July 5, 2012 Book Reviews












By Selma Sergent


Ginger Moran is a teacher, published writer and mother. She holds a Ph.D. from the University of Houston in Literature and Creative Writing and Bachelor’s and Master’s degrees in English from the University of Virginia. She has published in Salon, Oxford American, Literary Mama, The Virginia Quarterly Review, Feminist Studies, and other journals. She has written three novels, a collection of essays about her years as a single working mother, and a nonfiction book.

Her novel The Algebra of Snow. A Bedtime Story For My Mother  published by Main Street Rag Publishers has been nominated for a Pushcart Editor’s Choice award.

Ginger Moran had me at the title of her book. Gushing and effusive as it may sound to say it, I loved The Algebra Of Snow. It moved me. It resonated with me. It left an impression.


Amelia’s mother died when she was six. She is a mathematician who spends summer in the Adirondacks and decides to continue her stay there into the winter with only her two dogs for company.

Amelia has been slowly withdrawing from the world for years; a withdrawal initiated in part by the loss of her mother, interrupted briefly by her marriage to her Yeats- reading husband Donovan, then further fuelled by his infidelities.

It is a winter of solitude. As Amelia begins her descent into a rich but troubled inner life, the snow begins to underpin everything.

“Snow is now a secure part of the landscape. It seems inevitable, built-in…”

The snow comforts as it repels. There is an algebraic expressiveness to it, a sense of ritual, a symmetry, pulling together states of sorrow, loss, loneliness and madness; formulating them, equating them until a sum of their parts is conceived, intricate, complex as a snowflake. There is geometry in the snow, higher dimensions, meaningfulness, sacredness.

 “The snow has begun to fall almost without end. Its hushed sizzle is a kind of music that accompanies my work.”


Amelia’s estranged husband visits her at Thanksgiving. They spend hours in bed together. His visit could have been a reprieve of sorts, it could have halted Amelia’s descent halfway down, but in the end his unfaithfulness is too far-reaching.

The scent of the reprieve lingers when Amelia finds she is pregnant in the cabin in the snow, writing letters about her life to her dead mother; hopeful, less troubled… and then the baby is gone.

Moran describes the pain of this loss in such a way that it is visceral, so deep-seated it is almost preternatural in its fierceness.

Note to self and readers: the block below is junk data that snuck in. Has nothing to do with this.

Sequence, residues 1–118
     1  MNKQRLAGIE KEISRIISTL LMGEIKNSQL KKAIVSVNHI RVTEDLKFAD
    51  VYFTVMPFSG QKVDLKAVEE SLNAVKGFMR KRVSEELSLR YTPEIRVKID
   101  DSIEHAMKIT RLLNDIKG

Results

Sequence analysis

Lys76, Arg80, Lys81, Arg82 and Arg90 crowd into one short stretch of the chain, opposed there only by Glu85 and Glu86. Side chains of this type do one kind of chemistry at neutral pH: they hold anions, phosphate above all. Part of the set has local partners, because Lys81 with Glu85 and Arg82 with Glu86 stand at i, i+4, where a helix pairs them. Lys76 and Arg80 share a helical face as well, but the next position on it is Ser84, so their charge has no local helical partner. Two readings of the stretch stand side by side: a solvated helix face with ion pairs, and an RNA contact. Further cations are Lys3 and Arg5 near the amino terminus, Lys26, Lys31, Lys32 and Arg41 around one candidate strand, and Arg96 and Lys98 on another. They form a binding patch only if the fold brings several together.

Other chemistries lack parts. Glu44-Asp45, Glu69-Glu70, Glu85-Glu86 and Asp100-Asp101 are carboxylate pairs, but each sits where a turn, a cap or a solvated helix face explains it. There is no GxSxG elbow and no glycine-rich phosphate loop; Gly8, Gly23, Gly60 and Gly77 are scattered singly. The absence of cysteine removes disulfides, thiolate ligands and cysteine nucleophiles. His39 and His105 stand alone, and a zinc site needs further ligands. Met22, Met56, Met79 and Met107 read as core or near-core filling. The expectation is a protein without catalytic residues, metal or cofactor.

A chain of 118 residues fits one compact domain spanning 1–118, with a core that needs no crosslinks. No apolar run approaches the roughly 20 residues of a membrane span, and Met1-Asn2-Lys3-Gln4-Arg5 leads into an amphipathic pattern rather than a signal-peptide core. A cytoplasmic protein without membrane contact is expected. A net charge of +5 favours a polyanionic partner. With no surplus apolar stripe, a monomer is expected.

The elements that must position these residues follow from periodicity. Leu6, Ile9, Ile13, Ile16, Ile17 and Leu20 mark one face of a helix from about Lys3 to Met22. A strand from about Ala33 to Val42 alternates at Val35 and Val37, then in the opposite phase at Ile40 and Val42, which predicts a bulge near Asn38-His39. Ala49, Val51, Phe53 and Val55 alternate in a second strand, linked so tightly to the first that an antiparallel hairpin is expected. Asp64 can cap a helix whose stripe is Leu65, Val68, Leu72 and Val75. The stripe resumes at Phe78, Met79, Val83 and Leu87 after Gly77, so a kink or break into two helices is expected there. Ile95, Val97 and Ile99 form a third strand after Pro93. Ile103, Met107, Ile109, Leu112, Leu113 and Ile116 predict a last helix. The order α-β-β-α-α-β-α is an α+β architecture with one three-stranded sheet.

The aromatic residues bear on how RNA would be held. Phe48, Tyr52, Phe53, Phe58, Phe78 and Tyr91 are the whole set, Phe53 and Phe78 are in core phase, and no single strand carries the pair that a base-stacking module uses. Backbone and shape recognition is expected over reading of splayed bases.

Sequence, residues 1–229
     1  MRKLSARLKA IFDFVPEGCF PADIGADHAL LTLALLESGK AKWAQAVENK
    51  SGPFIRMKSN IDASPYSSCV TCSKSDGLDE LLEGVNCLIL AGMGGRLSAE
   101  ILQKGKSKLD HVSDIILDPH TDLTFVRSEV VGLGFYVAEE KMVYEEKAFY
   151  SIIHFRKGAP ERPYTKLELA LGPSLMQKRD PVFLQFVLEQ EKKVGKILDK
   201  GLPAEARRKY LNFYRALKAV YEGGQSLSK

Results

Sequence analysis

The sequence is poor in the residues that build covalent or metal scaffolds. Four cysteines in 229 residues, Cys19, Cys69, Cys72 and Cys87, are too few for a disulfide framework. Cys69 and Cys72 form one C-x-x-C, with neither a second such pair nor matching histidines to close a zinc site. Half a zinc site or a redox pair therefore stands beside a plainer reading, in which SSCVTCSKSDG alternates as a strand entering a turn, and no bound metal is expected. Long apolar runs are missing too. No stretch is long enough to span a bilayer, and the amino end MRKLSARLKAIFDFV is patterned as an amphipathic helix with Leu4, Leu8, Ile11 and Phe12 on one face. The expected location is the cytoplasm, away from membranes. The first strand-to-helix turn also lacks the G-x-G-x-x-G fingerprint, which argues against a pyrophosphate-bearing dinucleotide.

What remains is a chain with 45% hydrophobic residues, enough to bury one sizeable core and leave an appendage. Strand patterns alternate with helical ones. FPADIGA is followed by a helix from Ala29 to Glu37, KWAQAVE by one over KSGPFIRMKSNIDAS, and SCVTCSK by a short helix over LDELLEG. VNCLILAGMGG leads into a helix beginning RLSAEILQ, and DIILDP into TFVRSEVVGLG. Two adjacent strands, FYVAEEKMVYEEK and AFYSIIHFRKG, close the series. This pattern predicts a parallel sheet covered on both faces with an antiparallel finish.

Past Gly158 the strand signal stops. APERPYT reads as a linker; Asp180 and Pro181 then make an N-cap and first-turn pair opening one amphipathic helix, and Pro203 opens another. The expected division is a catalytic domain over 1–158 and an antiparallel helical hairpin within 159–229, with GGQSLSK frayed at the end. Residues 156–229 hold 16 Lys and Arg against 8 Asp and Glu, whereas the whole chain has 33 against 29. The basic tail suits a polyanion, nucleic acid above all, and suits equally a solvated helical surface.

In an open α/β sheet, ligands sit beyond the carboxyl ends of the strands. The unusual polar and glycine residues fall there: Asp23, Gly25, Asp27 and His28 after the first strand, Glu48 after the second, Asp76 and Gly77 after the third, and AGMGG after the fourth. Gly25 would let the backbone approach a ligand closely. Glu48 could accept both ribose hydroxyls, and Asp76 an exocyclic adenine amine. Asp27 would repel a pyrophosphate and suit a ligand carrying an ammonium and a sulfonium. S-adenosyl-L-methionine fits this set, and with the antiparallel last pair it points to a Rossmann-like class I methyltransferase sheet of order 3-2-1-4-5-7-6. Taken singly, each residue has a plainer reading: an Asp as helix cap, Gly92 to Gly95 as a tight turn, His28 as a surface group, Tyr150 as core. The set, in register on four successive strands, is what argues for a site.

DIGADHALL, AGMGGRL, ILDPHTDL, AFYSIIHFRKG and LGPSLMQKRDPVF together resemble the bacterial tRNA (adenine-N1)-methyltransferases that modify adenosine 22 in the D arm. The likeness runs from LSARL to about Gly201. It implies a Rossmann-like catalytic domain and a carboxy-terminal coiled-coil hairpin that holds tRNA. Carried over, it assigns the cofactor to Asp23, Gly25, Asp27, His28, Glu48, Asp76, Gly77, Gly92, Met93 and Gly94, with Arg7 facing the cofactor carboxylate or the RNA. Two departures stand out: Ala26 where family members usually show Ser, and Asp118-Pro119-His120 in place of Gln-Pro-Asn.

“…it is entirely bittersweet, the purest irony I have ever known. It gives the greatest pleasure of one’s life as it takes it away. If it is there when I die, I will follow it as a child’s eyes follow the light, even as he or she ought to resist, cry out, to rage, until the illumination is utterly gone and the child with it.”

The descent, then, is unstoppable, inevitable.

“It is empty, but there are no regrets over its emptiness; regret would count, be a positive number. And that is what I am empty of. Nirvana, then, is absolute zero. I am very close to it.”

Amelia’s journey breaks her down to an almost cellular level. The constant, corrosive acknowledgement of her aloneness pushes her to extremes, filling every thought with ghosts of the past, a deteriorating sense of self and the search for meaning. But as with every withdrawal into the inner landscape of the mind there is a type of healing that comes with it, mythic, a perfect manifestation of the sacred.


Some people refer to algebra as the science of restoring what is missing. That is what happens to Amelia in her cabin in the snow. The battle between, the entwining of inner and outer landscapes restores her, subtracting what is missing and adding what is lost. In the end the snow expunges, providing a clean slate, a brand new place to start.

“The landscape is monochromatic; not only is all the color washed out but all sound has been hushed by the hiss of snow.”

There is a metamorphosis, a renewal, unsullied as just fallen snow.

Ginger Moran says –

“ I have always been fond of transformation stories….”

And I have always been fond of stories that transform… deeply fond.




The Algebra Of Snow. A Bedtime Story For My Mother is published by Main Street Rag Publishers. You can buy it here. http://www.mainstreetrag.com/GMoran.html

You can learn more about Ginger Moran at her website www.gingermoran.com or follow her on Twitter https://twitter.com/#!/gingermoran or Facebook https://www.facebook.com/pages/gingermorancom/202633029809427




Selma Sergent

I am a former teacher and musician. I have worked as an editor and writer for several small publishers in Sydney, Australia. I have had some short stories published, as well as two plays. I also mess about with fiction on my blog. Once I was a hairsbreadth away from a publishing deal with a major publishing house. I have too many full length novels in my filing cabinet waiting to be submitted. I understand the vagaries of the writing life yet remain passionate about writers and writing. The world with all its flaws continues to inspire me.


1 Comment

  1. Lisa Tener July 31, at 14:36

    I'm with you--I loved the Algebra of Snow and it's title drew me in as well.


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